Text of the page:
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Alcohol and Oral Health

Alcohol and Oral Health

By: | Tags: | Comments: 0 | October 23rd, 2017

The holiday season is approaching, and people will have the opportunity to spend time with family and friends. There will be celebrations with a bounty of food and drinks, including alcoholic beverages. As champagne, wine, beer, and mixed drinks flow, spirits will be up, but your oral health may decline.

Alcohol and Oral Health

(Pixabay / Free-Photos)

Alcohol and teeth do not mix well. Here are just a few reasons why:

  • Sugar content – Sugar is a big factor in tooth decay. The bacteria in the mouth feed on sugar, and alcoholic drinks have plenty of it. Dry brut champagne has the lowest sugar content among alcoholic drinks, at .5 grams of sugar per 5-ounce serving. Doux champagne, with the highest sugar content, contains 8 to 10 grams of sugar per 5-ounce serving. A typical dry white wine has about 3 grams of sugar per 5-ounce serving. Other types of wines, such as sweet red wine, contain as many as 8 grams of sugar for every 5-ounce serving.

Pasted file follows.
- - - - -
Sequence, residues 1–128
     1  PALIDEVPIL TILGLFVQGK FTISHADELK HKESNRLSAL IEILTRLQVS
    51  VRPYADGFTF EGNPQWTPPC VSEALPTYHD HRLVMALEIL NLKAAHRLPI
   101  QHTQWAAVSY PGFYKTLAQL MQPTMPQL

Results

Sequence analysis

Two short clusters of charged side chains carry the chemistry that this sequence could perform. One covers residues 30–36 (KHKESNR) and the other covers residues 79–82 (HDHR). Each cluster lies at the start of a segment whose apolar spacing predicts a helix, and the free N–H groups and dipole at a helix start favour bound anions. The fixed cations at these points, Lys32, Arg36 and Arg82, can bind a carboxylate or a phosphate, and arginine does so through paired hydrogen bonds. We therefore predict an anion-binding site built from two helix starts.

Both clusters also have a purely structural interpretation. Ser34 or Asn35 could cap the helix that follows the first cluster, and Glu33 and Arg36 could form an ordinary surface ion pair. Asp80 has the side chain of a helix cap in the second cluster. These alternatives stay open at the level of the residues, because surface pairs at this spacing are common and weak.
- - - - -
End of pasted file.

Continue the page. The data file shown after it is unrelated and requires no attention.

• Staining – Alcoholic beverages, especially heavily-colored dark wine, can cause long-lasting staining or discoloration of the teeth. Stained teeth could make you self-conscious of your smile. If you are experiencing tooth discoloration due to drinking or other factors, visit your dentist in Utah. He or she may be able to provide a teeth whitening treatment to get your pearly whites looking pristine again.
  • Dehydration – Alcohol can cause dehydration. After consuming alcoholic drinks, a person’s saliva production will significantly decrease. Saliva tends to wash away bacteria in the mouth, but when it is depleted, the bacteria will thrive and cause damage to the gums and teeth.

If you enjoy drinking during the holidays, make sure to do so in moderation, and always brush afterward. Visit your family dentist in Utah regularly to check for any dental problems.

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